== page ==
Green ICT Progress in Higher Education
We've noted that there has been too little focus on Green ICT in American higher education. This does not mean that colleges and universities in American and around the global aren't making any progress at all - you can click on the 'education' tag above to see examples. We regularly add updates about global higher education in this post -- the latest looks at an American University's attempt to make an impact on student e-waste.
We updated our post about the persistence of analog TVs in the e-waste stream with this picture from the Donate and Take station during Moving Days at the University of Wisconsin-Madison, an institution with 43,000+ students. The Isthmus reports, "The Donate and Take station is run by the UW Office of Sustainability and WE CONSERVE and was open from Aug. 12 to 17 as a way of diverting still usable items from the landfill during the chaotic moving days. The amount of things tossed during this week can be significant. Bryan Johnson, Madison’s recycling coordinator, says about 1.1 million pounds of move-out waste from the streets went to the landfill last year...WE CONSERVE collected 1,428 working and nonworking electronic items, including TVs, printers, motherboards and popcorn makers. 'We’ve had more than 300 TVs come in from campus and the Madison community,' says WE CONSERVE intern Kate Giguere." The article does not says what happened to unwanted electronics and the organizers did not respond to a request for disposal details.
Environmental Association for Universities and Colleges (EAUC) "is a not-for-profit charity with a membership of over 220 universities and colleges, supporting sustainability within the UK tertiary education sector." EAUC offers a Sustainable ICT Exchange for members to share information and access webinars.
The SURFnet initiative includes Green ICT in Dutch higher education. A 2010 survey "...found that on average ICT consumed roughly 20 per cent of the total energy consumption of a typical higher education [institution]..." The situation today? "While some of the [green ICT practices] have become more common, many [ICT departments] responded that energy saving or green ICT in general was not a priority...Because ICT departments are not paying (directly) for the energy they use!" The SURF website offers Dutch-language Green ICT case studies and best practices for education.
The Green Gown Awards, started in 2004, "...recognise the exceptional sustainability initiatives being undertaken by universities and colleges across the UK." A 'Green ICT' award was introduced in 2009 but was dropped in 2013. The Environmental Association for Universities and Colleges (EAUC), the award organizers, tell us that Green ICT is now embedded in two other award categories: Facilities & Services and Technical Innovation for Sustainability. Here is each year's 'Winner', followed by the 'Highly Commended', for the period that specifically recognized Green ICT.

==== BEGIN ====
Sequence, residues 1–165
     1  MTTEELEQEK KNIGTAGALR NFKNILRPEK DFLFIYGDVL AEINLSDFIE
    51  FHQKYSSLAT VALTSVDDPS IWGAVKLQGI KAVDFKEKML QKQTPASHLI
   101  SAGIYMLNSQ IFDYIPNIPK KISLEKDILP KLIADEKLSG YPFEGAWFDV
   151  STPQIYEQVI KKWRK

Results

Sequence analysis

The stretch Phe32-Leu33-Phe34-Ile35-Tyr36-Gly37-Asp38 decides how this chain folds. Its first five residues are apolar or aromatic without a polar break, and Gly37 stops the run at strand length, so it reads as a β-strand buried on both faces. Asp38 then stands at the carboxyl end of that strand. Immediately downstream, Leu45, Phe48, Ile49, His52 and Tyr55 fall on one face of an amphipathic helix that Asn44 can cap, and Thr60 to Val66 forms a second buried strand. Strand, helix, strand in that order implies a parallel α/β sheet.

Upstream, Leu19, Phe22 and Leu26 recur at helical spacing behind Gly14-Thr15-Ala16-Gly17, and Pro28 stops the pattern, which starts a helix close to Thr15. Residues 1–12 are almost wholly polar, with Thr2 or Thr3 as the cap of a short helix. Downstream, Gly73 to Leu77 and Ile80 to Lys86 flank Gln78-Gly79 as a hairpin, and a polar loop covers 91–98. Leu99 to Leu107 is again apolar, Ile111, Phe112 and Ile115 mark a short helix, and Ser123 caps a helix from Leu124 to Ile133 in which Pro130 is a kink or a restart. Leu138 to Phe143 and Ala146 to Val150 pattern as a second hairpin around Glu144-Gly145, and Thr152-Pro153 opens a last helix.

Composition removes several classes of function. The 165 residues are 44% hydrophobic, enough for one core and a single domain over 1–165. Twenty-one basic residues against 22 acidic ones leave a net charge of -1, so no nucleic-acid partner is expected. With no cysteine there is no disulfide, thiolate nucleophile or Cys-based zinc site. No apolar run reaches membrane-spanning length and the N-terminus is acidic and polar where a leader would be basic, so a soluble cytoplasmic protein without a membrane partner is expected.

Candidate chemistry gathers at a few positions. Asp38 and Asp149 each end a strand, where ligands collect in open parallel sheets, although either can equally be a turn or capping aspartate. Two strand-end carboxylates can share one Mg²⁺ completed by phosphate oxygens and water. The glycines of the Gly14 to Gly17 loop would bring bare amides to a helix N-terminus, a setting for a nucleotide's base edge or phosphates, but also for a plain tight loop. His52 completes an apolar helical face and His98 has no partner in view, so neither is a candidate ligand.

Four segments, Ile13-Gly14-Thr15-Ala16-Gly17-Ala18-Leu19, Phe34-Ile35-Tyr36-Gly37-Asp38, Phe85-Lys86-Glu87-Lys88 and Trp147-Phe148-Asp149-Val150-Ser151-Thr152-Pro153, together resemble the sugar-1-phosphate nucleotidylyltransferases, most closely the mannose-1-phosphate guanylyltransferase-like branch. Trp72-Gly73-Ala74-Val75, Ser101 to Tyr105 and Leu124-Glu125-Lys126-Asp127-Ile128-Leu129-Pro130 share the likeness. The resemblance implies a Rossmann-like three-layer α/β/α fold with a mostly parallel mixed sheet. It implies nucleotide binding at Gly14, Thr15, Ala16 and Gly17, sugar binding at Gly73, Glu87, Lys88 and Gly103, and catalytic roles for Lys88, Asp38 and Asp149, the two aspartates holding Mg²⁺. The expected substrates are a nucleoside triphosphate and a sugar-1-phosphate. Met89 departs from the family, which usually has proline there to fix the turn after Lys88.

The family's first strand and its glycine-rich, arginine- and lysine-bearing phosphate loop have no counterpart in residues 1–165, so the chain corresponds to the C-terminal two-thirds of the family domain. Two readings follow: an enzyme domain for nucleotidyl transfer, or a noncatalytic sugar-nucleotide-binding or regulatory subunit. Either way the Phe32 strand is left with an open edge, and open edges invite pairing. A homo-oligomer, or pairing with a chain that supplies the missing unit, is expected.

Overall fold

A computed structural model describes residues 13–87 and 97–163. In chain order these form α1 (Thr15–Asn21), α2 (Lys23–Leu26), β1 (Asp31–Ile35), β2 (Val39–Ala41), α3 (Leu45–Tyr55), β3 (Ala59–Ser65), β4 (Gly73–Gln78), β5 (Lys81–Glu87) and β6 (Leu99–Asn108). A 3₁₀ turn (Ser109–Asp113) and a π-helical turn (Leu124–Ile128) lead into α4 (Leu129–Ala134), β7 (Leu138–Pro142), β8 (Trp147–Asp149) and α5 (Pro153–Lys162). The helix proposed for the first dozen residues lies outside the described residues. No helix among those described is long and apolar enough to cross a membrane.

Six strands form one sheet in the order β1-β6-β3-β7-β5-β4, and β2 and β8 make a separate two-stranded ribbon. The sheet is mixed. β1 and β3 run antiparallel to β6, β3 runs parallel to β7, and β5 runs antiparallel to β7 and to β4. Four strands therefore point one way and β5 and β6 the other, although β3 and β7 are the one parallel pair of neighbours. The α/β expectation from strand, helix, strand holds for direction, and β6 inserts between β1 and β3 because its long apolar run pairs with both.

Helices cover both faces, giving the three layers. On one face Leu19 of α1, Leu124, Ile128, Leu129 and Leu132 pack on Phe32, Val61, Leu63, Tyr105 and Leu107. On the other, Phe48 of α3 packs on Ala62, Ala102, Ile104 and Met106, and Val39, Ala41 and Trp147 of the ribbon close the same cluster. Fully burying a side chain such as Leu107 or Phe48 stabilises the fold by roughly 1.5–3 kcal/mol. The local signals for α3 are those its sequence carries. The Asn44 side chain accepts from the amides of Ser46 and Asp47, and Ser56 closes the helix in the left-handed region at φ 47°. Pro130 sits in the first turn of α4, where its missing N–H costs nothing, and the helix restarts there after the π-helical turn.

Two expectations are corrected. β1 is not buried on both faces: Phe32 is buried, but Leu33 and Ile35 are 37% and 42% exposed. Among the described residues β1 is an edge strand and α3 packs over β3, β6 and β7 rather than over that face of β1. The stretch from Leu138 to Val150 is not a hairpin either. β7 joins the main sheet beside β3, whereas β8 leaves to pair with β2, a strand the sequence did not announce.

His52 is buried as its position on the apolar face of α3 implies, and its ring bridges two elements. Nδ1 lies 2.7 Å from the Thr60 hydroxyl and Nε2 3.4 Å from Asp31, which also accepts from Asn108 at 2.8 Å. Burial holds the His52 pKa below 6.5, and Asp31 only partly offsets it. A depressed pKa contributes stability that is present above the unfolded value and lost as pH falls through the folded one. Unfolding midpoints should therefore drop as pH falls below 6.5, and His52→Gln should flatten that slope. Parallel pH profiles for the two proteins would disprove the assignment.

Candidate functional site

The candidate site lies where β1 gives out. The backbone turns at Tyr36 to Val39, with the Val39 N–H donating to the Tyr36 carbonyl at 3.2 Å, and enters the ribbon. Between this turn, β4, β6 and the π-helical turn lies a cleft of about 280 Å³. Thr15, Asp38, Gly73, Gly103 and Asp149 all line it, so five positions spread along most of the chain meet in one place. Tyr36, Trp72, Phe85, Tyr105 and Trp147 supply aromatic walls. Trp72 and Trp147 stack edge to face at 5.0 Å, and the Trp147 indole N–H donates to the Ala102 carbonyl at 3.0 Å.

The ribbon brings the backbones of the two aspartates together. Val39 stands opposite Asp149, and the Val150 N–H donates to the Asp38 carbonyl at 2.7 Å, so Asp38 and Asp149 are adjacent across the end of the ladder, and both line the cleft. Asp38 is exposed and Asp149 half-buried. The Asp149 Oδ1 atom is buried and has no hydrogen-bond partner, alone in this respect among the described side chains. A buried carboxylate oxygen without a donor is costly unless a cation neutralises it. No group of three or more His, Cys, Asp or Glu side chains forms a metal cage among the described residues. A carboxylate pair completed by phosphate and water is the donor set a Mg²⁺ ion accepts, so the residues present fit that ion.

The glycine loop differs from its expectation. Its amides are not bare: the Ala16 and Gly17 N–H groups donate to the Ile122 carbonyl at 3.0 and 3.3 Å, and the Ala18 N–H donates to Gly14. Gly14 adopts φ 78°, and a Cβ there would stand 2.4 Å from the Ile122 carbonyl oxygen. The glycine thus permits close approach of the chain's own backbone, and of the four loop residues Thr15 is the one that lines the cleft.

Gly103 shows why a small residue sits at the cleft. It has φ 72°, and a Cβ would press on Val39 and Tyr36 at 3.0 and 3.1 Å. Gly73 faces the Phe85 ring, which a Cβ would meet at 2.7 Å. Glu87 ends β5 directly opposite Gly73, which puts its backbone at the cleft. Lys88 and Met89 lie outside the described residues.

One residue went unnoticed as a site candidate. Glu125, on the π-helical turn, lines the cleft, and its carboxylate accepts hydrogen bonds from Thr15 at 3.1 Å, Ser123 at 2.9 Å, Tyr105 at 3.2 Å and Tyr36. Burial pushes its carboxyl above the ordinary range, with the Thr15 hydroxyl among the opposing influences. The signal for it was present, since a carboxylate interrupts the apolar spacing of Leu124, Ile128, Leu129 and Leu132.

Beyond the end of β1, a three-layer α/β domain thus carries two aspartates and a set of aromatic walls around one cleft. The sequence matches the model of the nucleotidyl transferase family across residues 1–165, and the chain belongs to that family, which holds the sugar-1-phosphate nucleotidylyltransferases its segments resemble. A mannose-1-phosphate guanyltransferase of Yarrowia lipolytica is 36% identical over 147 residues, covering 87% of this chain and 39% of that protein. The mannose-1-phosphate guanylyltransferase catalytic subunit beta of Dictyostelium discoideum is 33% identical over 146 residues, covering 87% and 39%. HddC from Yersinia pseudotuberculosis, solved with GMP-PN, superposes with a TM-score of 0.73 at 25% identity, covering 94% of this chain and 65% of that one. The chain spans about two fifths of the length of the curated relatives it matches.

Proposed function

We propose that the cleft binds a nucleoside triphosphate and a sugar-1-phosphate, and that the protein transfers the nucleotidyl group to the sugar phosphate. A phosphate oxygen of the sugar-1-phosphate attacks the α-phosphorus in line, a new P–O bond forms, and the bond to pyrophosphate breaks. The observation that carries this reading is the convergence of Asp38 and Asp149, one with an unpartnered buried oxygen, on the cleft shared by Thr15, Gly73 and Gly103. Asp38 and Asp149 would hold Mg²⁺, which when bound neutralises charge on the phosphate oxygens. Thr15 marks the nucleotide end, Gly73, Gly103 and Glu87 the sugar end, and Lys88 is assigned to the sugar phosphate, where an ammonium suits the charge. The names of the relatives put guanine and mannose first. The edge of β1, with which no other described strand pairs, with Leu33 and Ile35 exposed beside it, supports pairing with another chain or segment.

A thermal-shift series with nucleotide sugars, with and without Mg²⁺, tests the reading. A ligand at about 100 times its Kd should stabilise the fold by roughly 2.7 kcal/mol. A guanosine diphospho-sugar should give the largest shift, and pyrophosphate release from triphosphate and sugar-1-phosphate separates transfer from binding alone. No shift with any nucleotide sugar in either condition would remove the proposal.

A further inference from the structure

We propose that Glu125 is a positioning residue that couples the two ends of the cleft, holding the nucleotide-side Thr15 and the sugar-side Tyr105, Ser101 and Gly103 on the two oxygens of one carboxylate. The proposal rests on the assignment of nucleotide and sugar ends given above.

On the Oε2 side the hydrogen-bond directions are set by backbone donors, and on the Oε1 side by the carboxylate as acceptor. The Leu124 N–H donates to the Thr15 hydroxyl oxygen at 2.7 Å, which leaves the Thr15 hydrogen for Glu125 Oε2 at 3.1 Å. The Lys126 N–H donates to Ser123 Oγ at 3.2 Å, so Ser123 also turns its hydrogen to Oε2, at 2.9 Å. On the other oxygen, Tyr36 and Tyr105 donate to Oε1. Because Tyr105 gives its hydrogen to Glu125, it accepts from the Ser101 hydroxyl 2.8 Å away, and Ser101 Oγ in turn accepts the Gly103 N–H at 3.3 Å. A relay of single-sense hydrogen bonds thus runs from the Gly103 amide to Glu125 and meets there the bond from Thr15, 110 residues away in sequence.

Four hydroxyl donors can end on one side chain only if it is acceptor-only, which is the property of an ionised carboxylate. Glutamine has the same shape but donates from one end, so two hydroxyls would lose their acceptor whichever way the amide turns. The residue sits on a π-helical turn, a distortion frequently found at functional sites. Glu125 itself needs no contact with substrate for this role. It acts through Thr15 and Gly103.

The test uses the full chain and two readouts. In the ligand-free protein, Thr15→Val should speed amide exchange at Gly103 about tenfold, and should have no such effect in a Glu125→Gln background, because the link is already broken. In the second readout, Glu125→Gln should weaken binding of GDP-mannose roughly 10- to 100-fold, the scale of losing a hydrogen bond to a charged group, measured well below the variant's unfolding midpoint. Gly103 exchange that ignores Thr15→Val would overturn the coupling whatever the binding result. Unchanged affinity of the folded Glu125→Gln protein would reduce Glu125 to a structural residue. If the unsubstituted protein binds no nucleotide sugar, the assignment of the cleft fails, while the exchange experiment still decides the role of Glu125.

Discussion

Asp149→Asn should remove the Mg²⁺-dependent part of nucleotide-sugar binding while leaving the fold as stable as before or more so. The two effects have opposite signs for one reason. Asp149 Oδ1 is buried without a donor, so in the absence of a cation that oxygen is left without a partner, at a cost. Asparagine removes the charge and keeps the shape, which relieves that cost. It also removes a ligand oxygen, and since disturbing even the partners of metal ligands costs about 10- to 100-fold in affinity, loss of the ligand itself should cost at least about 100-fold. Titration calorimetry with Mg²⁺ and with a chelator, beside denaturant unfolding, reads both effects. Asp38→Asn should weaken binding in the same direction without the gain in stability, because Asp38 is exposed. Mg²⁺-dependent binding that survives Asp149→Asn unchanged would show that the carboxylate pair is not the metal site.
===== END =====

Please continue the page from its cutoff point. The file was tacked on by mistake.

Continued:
2012 - De Montfort University, Nottingham Trent University
2011 - University of Hertfordshire, Imperial College London, Queen Margaret University
2010 - University of Liverpool, Warrington Collegiate
2009 - Queen Margaret University Edinburgh, Cardiff University, Imperial College London
An April 2012 report puts the annual ICT energy expense to UK universities and colleges at £147 million. The finding that ICT electricity costs could represent as much as 57% of total electricity costs is not surprising given the energy consumption of ICT-intensive research labs. Other indicators of the unique nature of educational institutions is that imaging equipment can consume up to 19% of ICT energy and audio-visual equipment 21%. This is why Green ICT requires an inclusive definition ICT.
Would a new survey find 2014 ICT energy consumption up or down? The report notes that its figures are significantly higher than those from a 2008 assessment, "likely to be in part a result of increased IT intensity." There is no indication that such growth intensity has decreased since 2012.
There is also a cautionary tale in what happen to PC energy use over that period. "The new results also find personal computing (PC, laptop etc.) energy to be a somewhat smaller proportion of total ICT energy than in 2008...A major reason for this is likely to be the impact of powerdown measures." This is what all-to-often happens to a Green ICT initiative focused at just one part of an ICT infrastructure. Its positive contribution is overwhelmed by the intensity of the growth elsewhere. We've seen a similar phenomenon in US households where the explosion of personal ICT gear has negated other energy consumption improvements.
Universities are major users of power for ICT facilities ranging form data centers to research labs, so the use of renewable power on campus contributes to Green ICT. The EPA's Green Power Partnership published its most recent Top 30 College & University ranking in September. The University of Pennsylvania, the University of Oklahoma and Ohio State University ranked tops for annual green power usage. These three schools were also in the top 40 within EPA's National Top 100 list across all sectors.
St. Mary's College of Maryland, Western Washington University, Georgetown University and Santa Clara University ranked best for the percentage of their total power consumption that was green. These were the schools that generated more green power than they consumed.
University of Liverpool won the Green Gown's Green ICT award for its freely-available PowerDown power management tools for Windows, which is says eliminated 1,000,000 hours/month of idle time. But even while receiving the award, the University was already in the process of replacing PowerDown with a more "aggressive" commercial product (PowerMAN) which it predicts will double the reductions. Green ICT never stands still!